White Noise: Media Power & Mass Communication
February 26, 2014 § Leave a comment
Design Practice in Context 2 Lecture 26/02/14
Radio History – Listening Communities
BBC Radio launched in November 1922 – broadcasted popular and classical music concerts. Did not want to interfere with newspapers. It became a new social and cultural past time. They could listen to announcements from the King. Education was an important priority – by the 30s education broadcasts were very popular in schools.
The Power of Radio
3 out of 4 families owned a radio and people used to go round to their friends houses to listen to their favourite broadcasts. On Halloween night in 1938, Orson Wells adapted the HG Wells novel ‘War of the Worlds’ into a play and broadcast it on the radio to gain more listening numbers. People believed it to be true due to the sound effects and believability of the broadcast – people killed themselves, fled their towns, went to churches to seek help, rang police. Orson Wells was taken to court for this.
TV had less of an audience than radio at first. Actors got paid less than radio hosts because the actors only appeared on miniatures on TV rather than hosting an entire show. In 1939 programmes were being broadcast 7 days a week to an audience of 8,000 – but only for a few hours. For defence reasons, the TV was cut off during the World War I bombings as they thought the enemy would use the TV transmitters for their benefit. The radio came back into play and was the people’s source of information during the war. TV started back up again when the war was over.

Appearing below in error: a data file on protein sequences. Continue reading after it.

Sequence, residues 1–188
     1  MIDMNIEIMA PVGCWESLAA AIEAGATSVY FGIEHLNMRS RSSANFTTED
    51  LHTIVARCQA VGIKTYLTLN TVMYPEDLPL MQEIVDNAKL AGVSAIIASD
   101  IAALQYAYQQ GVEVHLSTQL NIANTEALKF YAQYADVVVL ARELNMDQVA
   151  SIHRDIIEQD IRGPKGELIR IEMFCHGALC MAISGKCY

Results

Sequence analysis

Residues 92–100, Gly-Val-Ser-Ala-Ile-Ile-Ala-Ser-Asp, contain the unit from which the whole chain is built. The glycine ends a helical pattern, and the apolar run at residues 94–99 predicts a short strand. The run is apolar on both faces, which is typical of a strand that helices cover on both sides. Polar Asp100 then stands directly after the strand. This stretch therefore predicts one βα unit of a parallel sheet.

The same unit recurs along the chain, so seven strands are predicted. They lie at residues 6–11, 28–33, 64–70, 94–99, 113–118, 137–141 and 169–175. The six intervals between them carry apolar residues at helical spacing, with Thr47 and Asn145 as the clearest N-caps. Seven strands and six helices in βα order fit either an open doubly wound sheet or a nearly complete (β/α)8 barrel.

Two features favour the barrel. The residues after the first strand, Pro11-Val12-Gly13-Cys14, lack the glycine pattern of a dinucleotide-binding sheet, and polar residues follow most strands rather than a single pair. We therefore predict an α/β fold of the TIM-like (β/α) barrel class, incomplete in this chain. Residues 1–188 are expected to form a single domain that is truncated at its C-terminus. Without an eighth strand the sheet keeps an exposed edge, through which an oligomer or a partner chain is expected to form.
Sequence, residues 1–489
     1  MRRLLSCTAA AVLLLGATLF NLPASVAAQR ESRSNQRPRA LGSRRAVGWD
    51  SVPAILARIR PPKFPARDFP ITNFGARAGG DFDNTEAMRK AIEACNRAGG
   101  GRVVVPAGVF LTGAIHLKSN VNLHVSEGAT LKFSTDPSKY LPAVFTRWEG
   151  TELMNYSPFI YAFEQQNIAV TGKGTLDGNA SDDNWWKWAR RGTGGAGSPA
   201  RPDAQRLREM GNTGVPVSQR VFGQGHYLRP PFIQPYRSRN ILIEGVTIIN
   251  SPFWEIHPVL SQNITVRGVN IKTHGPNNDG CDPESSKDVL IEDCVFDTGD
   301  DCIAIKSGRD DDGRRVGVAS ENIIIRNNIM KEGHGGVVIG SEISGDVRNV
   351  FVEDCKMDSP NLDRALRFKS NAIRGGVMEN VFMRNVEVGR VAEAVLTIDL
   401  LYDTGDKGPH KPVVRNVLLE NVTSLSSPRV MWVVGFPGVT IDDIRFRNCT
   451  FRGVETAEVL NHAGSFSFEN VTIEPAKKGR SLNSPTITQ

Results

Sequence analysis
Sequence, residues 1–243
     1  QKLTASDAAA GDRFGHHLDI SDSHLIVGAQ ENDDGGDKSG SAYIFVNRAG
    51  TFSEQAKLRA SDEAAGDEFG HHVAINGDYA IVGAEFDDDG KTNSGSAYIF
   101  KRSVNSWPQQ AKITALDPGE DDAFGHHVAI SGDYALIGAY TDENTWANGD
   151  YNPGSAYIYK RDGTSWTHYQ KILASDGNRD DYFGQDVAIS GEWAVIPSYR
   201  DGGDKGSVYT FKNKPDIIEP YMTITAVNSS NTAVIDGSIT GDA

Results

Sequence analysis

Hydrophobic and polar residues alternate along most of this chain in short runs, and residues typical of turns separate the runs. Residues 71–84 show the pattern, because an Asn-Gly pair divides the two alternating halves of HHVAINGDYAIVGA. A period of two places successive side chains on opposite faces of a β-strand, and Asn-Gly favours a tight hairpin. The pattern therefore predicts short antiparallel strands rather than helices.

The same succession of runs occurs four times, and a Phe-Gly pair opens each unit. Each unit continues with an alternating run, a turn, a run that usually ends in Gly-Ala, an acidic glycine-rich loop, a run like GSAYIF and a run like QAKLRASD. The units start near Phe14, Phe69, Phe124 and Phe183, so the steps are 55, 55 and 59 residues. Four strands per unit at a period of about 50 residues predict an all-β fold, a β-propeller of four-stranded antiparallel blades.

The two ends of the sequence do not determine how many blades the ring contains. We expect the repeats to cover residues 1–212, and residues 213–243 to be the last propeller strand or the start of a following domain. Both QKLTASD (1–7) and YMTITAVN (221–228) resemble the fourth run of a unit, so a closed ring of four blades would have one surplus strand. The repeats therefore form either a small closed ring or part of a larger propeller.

The Power of TV
The Gulf War of the 1990s was broadcast on TV – for the first time ever war was shown on television for audiences to see. Audiences at that time were glued to the TV set – it would have been very discomforting to them to see such images. Today we have been desensitised so these images are not as shocking to us
The average person spends approximately 4 hours a day watching TV. 14.1 million watched the New Years firework display in 2013. 13.5 million tuned into I’m A Celebrity. 12.9 million watched Britain’s Got Talent. The peak in July 2013 was 17 million that tuned into Wimbledon.
Mass Hysteria & Media Dependency
Princess Diana’s tragic death and the 9/11 attacks are the two most memorable events that caused TV mass hysteria. Bhutan, a country in Southern Asia was the last place ever to get TV – in 1999. To them CNN and the BBC were the most violent TV channels because they were showing real world events that they were so naive to. They banned wrestling from being broadcast because it was too aggressive. The French World Cup in 1998 was the first thing they were showed, followed by the coronation of their King. 70% of Bhutan’s population don’t have electricity – so the impact of TV only affected a small sector of their population.
The future of TV has never looked so healthy – this is due to social media. 61% of people are ‘TV talkers’ – they agreed they watch more TV since they started discussing shows online, such as Facebook and Twitter.